HOME
        TheInfoList






Tintagel Castle /tɪnTintagel Castle /tɪnˈtæəl/ (Cornish: Dintagel) is a medieval fortification located on the peninsula of Tintagel Island adjacent to the village of Tintagel (Trevena), North Cornwall in the United Kingdom. The site was possibly occupied in the Romano-British period, as an array of artefacts dating from this period have been found on the peninsula, but as yet no Roman-era structure has been proven to have existed there. It was settled during the early medieval period, when it was probably one of the seasonal residences of the regional king of Dumnonia. A castle was built on the site by Richard, 1st Earl of Cornwall in the 13th century, during the High Middle Ages. It later fell into disrepair and ruin.

Archaeological investigation into the site began in the 19th century as it became a tourist attraction, with visitors coming to see the ruins of Richard's castle. In the 1930s, excavations revealed significant traces of a much earlier high status settlement, which had trading links with the Mediterranean world during the Late Roman period.[1]

The castle has a long association with legends related to King Arthur. This was first recorded in the 12th century when Geoffrey of Monmouth described Tintagel as the place of Arthur's conception in his mythological account of British history, Historia Regum Britanniae. Geoffrey told the story that Arthur's father, King Uther Pendragon, was disguised by Merlin's sorcery to look like Gorlois, Duke of Cornwall, the husband of Igraine, Arthur's mother.[2]

Tintagel Castle has been a tourist destination since the mid-19th century. Owned by Charles, Prince of Wales as part of the landholdings of the Duchy of Cornwall, the site is managed by English Heritage.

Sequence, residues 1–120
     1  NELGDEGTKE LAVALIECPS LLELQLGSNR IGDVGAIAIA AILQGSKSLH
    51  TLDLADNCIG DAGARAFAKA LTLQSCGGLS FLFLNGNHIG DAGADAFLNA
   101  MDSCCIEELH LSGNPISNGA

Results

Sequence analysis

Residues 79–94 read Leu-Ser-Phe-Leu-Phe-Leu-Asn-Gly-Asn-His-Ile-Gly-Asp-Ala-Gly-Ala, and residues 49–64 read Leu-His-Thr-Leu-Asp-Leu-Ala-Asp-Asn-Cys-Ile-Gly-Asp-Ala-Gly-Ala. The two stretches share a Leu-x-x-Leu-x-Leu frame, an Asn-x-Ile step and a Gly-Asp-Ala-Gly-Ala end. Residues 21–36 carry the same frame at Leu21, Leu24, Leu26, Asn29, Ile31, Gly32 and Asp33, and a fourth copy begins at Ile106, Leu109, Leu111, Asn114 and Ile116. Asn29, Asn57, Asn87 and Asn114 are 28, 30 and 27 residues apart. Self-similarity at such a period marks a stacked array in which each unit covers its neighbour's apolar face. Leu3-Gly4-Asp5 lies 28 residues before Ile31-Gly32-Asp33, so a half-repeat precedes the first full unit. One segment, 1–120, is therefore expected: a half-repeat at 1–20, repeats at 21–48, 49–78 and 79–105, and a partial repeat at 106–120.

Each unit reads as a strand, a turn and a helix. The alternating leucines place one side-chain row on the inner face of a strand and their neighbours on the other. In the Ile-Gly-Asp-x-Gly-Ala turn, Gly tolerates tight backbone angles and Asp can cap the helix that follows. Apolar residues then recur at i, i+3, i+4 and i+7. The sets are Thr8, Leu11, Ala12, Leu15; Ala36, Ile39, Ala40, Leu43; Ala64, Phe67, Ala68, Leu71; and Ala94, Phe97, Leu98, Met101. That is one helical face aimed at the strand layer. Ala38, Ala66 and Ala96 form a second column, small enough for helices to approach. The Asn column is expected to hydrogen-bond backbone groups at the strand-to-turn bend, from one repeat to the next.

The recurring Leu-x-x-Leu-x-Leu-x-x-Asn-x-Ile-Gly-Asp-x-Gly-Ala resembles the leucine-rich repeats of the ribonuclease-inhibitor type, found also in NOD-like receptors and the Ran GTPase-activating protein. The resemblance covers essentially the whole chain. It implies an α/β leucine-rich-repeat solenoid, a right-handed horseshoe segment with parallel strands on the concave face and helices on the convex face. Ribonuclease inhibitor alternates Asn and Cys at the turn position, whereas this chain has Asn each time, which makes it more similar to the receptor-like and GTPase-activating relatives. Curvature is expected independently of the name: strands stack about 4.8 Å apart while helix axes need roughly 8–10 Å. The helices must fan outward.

Excavation in August 2017

In the 1

In the 1930s, it was decided to begin a major archaeological excavation at the site, and so HM Office of Works employed Devon archaeologist Courtenay Arthur Ralegh Radford (1900–1999) to work as site director. He had been employed as the Inspector of Ancient Monuments in Wales and Monmouthshire from 1929 and 1934, and from 1936 was Director of the British School at Rome. Excavation began in 1933, and in 1935 Ralegh Radford wrote an interim report and a guidebook entitled Tintagel Castle, published by H. M. Stationery Office. The excavators employed former quarry workers (the last Tintagel cliff quarry was closed in 1937) who worked under a trained foreman. They were instructed to clear the land on the Island, following and exposing any walling that they came across and keeping any finds.[39] Excavation was forced to cease in 1939 due to the outbreak of the Second World War. Radford was required to take part in the war effort abroad, and many of the original site reports were destroyed when his house in Exeter was bombed by the Luftwaffe during the conflict.[7]

In the mid-1980s, a fire on Tintagel Island led to considerable erosion of the topsoil, and many more building foundations could be seen than those recorded by Ralegh Radford.[40] In 1998, the "Artognou stone", a slate stone bearing an incised inscription in Latin, was discovered on the island, demonstrating that Latin literacy survived in this region after the collapse of Roman Britain.[40]

Excavations during the summer of 2016 found the remains of various Dark Ages structures including well-constructed buildings of relatively large size dated to the 5th and 6th centuries,[21] with pottery and glass finds indicating that the people who lived at Tintagel were of an upper class status,In the mid-1980s, a fire on Tintagel Island led to considerable erosion of the topsoil, and many more building foundations could be seen than those recorded by Ralegh Radford.[40] In 1998, the "Artognou stone", a slate stone bearing an incised inscription in Latin, was discovered on the island, demonstrating that Latin literacy survived in this region after the collapse of Roman Britain.[40]

Excavations during the summer of 2016 found the remains of various Dark Ages structures including well-constructed buildings of relatively large size dated to the 5th and 6th centuries,[21] with pottery and glass finds indicating that the people who lived at Tintagel were of an upper class status,[41] drinking wine imported from the eastern Mediterranean and using food vessels from North Africa and Gaul.[22][41] In 2017, archaeologists discovered at the castle a 7th century slate window ledge inscribed with a mixture of Latin, Greek, and Celtic words, names, and symbols.[42]

Normal Exit PeriodicService.php